I was listening to the radio recently, and the hot topic of the day was whether or not marriages should have to be renewed every 5 years. Some of the people who called in thought this would be a good idea–if you and your spouse don’t get along after 5 years, just let the clock wind down and–poof!–you’re divorced without having to go through the drama and expense of a formal divorce.
The idea of a temporary marriage isn’t entirely unheard of. A woman’s group in the Republic of the Philippines plans to propose in Congress a measure requiring couples to renew their marriage after 10 years, or else their marriage would be null and void. Islamic law also allows for ‘temporary’ marriage’s–after a predetermined time, and all obligations have been met, the partners can separate from each other.
Clearly, the whole ’til death do us part thing is a Christian notion, a notion that has often been flouted by people who call themselves. Even Moses had to let the Jewish people people divorce each other because their “hearts were hardened.”
For practical purposes, I don’t think allowing marriage to ‘wind down’ and become null and void after 5 years (or 10, or 20) would be a good idea. If the two people acquired property during the marriage or had children then they will still need a court to divide up their property, create a formal child support order, and decide custody if the parties cannot reach an agreement. Thus, allowing a marriage to wind down will incur the same legal expenses and difficulties as a divorce.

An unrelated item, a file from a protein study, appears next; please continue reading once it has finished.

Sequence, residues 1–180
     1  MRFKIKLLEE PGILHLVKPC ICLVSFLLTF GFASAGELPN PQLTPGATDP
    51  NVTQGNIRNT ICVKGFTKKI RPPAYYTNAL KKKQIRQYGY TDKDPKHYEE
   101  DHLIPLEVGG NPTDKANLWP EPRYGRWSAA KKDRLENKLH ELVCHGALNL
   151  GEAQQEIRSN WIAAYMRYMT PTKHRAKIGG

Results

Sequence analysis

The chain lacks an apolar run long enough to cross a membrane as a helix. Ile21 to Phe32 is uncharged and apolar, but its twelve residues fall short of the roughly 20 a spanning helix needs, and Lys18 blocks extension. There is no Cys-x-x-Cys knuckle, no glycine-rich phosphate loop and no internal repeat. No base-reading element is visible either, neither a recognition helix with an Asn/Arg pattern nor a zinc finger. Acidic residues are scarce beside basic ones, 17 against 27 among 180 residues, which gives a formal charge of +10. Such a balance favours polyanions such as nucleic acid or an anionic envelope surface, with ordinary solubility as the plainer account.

The US already has ‘no fault’ divorce laws which were supposed to make divorcing less contentious since now the law allowed the couple to divorce without either side having to be blamed for the dissolution of the marriage. However, I don’t think that ‘no fault’ divorce laws actually worked as intended, as people still have contentious divorces where the parties fight over money and custody of the kids for months or even years after the first person files.
Requiring marriages to be renewed after 5 years will only further weaken the institution of marriage. In an interview with Elle Magazine, Gwyneth Paltrow was asked about the 32 year long marriage of her parents, which only ended when her father passed away in 2002:
“I used to say to my dad, ‘How did you and mom stay married for all this time?’ And he’d say, ‘Two things. Number one: You gotta have the same dreams. One person can’t be daydreaming about walking down the street in Paris, the other person wants to work in a coal mine. You’ve gotta want the same stuff.’
At number two, she laughs. “He said, ‘We never wanted to get divorced at the same time.'”
If only one person is required to not wanted to be married any longer, that person just has to let the clock run out on their marriage–what the other person wants is of no consequence. But if two people are required to want to get divorced at the same time then there is less of a chance that they will both want it at the same time, and in order to avoid a contentious divorce both parties may try harder to work things out.
If marriage is going to be saved legislators need to try to find ways to keep families together, not create laws to make it easier for a family to break up.